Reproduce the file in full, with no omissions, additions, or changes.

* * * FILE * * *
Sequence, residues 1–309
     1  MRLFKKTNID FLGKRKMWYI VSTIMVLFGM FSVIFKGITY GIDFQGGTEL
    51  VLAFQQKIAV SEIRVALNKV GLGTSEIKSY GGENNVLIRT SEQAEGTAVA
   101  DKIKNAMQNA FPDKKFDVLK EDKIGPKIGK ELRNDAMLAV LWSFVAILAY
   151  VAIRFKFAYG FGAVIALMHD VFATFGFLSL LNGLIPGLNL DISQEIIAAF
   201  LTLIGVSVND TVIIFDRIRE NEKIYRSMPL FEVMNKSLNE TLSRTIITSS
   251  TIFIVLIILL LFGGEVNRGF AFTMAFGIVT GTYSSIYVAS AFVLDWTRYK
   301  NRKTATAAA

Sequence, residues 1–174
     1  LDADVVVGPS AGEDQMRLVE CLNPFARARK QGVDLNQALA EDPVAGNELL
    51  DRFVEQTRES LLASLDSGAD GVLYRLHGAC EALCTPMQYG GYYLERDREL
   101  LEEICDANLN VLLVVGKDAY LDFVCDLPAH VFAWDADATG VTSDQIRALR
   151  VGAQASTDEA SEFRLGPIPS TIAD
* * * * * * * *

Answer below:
Sequence, residues 1–309
     1  MRLFKKTNID FLGKRKMWYI VSTIMVLFGM FSVIFKGITY GIDFQGGTEL
    51  VLAFQQKIAV SEIRVALNKV GLGTSEIKSY GGENNVLIRT SEQAEGTAVA
   101  DKIKNAMQNA FPDKKFDVLK EDKIGPKIGK ELRNDAMLAV LWSFVAILAY
   151  VAIRFKFAYG FGAVIALMHD VFATFGFLSL LNGLIPGLNL DISQEIIAAF
   201  LTLIGVSVND TVIIFDRIRE NEKIYRSMPL FEVMNKSLNE TLSRTIITSS
   251  TIFIVLIILL LFGGEVNRGF AFTMAFGIVT GTYSSIYVAS AFVLDWTRYK
   301  NRKTATAAA

Sequence, residues 1–174
     1  LDADVVVGPS AGEDQMRLVE CLNPFARARK QGVDLNQALA EDPVAGNELL
    51  DRFVEQTRES LLASLDSGAD GVLYRLHGAC EALCTPMQYG GYYLERDREL
   101  LEEICDANLN VLLVVGKDAY LDFVCDLPAH VFAWDADATG VTSDQIRALR
   151  VGAQASTDEA SEFRLGPIPS TIAD